“Craftwork presents a simplicity and security not often associated with sensation. Through the action of “sewing” out her stories, Emin adds an extra personal touch to her work, making it more believable and genuine. She is literally spinning the yarn of her life: ancient diary entries, love letters, childhood memories, conversations she’s never forgotten. It’s storytelling in the tradition of folk art, patching security blankets for healing and nurture.” (P. ELLIS in C. Saatchi and P. Ellis, 100: The Work that Changed British Art, London, 2003, p. 209)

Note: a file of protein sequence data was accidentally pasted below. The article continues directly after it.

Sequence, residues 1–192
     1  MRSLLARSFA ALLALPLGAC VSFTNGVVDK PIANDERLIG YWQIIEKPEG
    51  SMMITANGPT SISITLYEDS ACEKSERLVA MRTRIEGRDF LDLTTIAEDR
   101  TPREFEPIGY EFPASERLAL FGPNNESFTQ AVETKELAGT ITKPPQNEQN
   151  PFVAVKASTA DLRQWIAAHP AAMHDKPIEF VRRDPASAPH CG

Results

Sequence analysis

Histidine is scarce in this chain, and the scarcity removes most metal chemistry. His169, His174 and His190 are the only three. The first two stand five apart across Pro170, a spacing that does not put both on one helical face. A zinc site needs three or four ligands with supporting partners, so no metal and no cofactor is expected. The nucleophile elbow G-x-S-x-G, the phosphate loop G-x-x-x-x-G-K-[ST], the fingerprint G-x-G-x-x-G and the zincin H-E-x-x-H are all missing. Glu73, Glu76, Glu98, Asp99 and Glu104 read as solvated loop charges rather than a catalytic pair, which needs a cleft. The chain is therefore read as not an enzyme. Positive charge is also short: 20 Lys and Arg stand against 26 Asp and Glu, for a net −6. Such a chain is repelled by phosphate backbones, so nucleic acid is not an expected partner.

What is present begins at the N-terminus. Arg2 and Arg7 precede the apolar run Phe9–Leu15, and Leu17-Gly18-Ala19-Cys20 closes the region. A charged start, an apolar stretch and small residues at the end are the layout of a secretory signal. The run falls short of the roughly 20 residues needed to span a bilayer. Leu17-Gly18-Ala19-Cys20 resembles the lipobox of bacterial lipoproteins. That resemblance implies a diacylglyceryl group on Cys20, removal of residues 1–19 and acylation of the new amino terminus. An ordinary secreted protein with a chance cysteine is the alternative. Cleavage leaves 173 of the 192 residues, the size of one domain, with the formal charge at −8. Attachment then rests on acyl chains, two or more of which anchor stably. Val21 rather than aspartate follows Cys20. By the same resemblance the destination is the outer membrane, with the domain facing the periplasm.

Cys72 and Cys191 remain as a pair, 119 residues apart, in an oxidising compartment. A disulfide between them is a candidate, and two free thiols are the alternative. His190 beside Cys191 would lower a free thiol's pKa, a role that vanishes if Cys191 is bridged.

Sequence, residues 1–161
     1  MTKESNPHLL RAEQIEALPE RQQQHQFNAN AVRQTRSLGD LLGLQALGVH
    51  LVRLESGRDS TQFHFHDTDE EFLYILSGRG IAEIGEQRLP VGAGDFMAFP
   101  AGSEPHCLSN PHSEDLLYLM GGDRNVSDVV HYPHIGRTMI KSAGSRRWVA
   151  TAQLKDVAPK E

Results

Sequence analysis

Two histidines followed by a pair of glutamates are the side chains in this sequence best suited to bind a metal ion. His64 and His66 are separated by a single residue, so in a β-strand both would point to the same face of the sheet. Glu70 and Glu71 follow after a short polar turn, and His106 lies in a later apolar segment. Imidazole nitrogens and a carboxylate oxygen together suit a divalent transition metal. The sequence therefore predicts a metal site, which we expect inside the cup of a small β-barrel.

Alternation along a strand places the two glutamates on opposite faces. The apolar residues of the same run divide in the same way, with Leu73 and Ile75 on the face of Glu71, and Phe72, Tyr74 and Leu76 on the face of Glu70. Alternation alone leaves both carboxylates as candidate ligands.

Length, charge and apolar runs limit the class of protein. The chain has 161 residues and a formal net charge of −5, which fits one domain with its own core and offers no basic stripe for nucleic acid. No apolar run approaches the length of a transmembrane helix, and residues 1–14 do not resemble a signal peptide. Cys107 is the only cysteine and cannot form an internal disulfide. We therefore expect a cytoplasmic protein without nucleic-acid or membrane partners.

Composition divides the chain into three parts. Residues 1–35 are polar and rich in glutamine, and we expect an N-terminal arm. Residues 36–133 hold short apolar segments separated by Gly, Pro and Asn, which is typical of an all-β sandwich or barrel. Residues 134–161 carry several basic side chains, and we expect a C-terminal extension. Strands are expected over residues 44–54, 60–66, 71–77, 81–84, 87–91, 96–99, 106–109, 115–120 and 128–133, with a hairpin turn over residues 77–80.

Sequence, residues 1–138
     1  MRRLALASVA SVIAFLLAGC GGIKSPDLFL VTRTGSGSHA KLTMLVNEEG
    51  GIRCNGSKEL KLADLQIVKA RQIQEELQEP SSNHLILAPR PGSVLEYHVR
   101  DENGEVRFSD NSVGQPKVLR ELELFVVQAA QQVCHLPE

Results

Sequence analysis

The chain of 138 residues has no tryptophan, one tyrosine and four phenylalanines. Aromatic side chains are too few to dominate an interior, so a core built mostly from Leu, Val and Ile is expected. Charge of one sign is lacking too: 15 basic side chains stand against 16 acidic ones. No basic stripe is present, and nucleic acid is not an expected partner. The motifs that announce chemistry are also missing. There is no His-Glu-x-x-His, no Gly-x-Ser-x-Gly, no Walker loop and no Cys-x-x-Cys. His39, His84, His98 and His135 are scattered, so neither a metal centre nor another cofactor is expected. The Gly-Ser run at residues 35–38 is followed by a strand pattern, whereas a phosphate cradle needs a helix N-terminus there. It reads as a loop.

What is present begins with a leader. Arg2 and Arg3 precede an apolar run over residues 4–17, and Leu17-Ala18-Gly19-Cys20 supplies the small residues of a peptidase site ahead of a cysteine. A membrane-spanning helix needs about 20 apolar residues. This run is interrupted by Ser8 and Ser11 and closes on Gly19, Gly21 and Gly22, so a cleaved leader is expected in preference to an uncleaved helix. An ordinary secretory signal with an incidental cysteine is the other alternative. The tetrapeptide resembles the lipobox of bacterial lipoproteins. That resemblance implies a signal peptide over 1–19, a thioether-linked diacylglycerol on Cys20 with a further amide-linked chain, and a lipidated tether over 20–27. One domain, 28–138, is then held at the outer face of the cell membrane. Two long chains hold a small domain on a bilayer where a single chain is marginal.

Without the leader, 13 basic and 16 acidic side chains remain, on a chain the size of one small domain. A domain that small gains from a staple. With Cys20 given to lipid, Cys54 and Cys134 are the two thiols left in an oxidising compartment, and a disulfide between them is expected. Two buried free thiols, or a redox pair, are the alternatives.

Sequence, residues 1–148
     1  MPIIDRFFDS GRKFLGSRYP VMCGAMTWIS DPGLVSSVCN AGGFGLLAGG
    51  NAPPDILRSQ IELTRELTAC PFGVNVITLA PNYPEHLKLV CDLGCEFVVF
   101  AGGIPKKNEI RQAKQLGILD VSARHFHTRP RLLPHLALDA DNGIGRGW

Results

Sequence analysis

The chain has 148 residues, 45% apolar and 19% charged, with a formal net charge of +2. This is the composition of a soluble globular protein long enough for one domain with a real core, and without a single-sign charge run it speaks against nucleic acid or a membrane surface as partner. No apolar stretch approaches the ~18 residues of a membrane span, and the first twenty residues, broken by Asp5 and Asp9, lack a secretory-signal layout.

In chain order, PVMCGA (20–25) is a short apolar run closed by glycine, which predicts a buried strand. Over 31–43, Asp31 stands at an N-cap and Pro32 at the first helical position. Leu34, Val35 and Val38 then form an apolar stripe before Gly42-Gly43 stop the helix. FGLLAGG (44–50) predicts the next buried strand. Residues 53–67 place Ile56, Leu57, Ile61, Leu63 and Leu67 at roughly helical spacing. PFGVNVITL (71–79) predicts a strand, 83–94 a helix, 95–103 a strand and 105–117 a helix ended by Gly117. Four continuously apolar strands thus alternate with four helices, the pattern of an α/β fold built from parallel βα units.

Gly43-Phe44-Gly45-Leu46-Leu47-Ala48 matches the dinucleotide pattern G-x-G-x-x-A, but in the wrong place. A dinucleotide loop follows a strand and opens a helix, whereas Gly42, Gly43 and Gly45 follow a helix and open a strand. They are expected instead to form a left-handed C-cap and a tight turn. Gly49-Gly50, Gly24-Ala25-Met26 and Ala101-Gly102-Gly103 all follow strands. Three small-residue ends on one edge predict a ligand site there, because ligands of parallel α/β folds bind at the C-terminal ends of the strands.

With its delicate hand-stitched illustrations and bold textual statement, Chinese Girls (2002) is a powerful example of Tracey Emin’s seminal series of appliquéd blankets that resonates on both humanitarian and personal levels, witnessing the coincidence of Emin’s deeply personal vernacular with an empathetic sense of social responsibility. Rendered in sober autumnal tones, the upper half of the blanket presents three Chinese babies depicted in intricate stitches, the vulnerability of their infancy underscored by the soft tactility of the fleece fabric into which they are embroidered. In the composition, Emin’s distinctive approach to drawing, with its broken lines and delicate graphic contours, meets her expressive embroidery practice. Transforming the traditionally feminine craft of quilt making into an arena of self-expression, here we see Emin incorporate a political subtext that nonetheless resonates with her own personal concerns. While the medium is reminiscent of a child’s comfort blanket, invoking notions of warmth and security, her use of graphic text is evocative of the banners paraded in political and civic demonstrations. Below the embroidered babies, impassioned red capital letters proclaim ‘SOMETIMES I WANT TO HAVE CHILDREN’, and then in Emin’s own familiar italicised script, ‘not my own but other people’s children Chinese People’s Children’. Chinese Girls weaves together Emin’s feelings towards motherhood with a meditation on the legacy of China’s One-Child Policy and the East-West traffic of globalisation. The final bewildered cry, ‘AND SOMETIMES I DON’T UNDERSTAND THE WORLD’, captures the introspective yet profoundly expressive aesthetic that characterizes the artist’s practice. Emin appropriates the tradition of handicraft that fuelled the feminist art of the ’60s and ’70s to compose a work that resonates at a global level. Yearning and mournful, personal and political, in Chinese Girls, Emin weaves her personal narrative with a broader experience of the world.